The UK’s high-pressure gas pipelines provide significant flexibility to the grid.
That’s the conclusion reached in new research by the UK Energy Research Centre (UKERC), which highlights the scale of flexibility offered by ‘linepack’, which is the amount of gas stored in the country’s transmission and distribution network.
Network operators change the pressure in pipelines to vary the levels of linepack to help match supply and demand for gas.
Previously, the volume of linepack in the distribution network has been based on estimated values – by combining hourly data from the National Transmission System and the Gas Distribution Networks over a 63-month period, UKERC researchers have been able to calculate hourly and daily variations.
They found it is typically at its highest level at 6am, just before people wake up, and lowest at 9pm, once evening demand dies down.
On half of the days during the October to March ‘heating season’, the within-day flexibility was greater than 377GWh, a figure UKERC’s researchers suggest is a very significant volume.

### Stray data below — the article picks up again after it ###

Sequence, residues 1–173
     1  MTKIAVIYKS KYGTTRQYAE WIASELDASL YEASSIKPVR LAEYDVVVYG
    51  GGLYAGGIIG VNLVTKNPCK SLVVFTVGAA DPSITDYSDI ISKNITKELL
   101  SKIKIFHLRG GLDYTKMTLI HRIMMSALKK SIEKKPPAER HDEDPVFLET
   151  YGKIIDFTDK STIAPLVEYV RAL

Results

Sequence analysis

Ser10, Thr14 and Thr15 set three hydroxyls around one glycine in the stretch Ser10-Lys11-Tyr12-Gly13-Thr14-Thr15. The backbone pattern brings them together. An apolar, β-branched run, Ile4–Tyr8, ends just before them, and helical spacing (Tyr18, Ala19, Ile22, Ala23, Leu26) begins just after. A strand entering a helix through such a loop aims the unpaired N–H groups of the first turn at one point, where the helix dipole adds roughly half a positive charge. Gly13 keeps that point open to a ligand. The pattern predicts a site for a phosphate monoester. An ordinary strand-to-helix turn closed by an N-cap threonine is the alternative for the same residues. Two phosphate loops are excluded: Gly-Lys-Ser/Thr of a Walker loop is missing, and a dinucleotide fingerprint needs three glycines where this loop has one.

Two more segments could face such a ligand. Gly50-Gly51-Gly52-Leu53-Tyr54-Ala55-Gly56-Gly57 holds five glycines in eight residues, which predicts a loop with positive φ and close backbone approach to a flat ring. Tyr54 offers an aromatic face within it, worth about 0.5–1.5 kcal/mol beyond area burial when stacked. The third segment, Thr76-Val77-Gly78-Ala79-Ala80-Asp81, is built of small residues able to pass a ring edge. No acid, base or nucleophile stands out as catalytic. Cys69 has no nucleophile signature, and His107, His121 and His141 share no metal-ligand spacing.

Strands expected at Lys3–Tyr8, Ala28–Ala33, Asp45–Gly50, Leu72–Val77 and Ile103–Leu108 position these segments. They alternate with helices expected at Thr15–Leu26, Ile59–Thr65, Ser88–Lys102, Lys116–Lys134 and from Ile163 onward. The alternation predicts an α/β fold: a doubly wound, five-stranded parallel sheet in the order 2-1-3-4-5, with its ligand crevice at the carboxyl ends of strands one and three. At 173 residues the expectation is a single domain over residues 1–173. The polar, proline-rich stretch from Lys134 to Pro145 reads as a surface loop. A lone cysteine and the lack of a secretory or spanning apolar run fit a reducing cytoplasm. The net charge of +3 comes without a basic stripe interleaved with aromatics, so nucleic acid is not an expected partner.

The organisation says the findings prove gas infrastructure plays a critical role in providing flexibility to the UK’s existing energy systems and calls for an increased focus to understand the requirements and costs of flexibility, as well as how low carbon flexibility can be provided in future.
A spokesperson for UKERC said: “The scale of current within-day flexibility is so great, that it would seem sensible to encourage several avenues of research and innovation at this point, with a view to narrowing down potential options in the future.”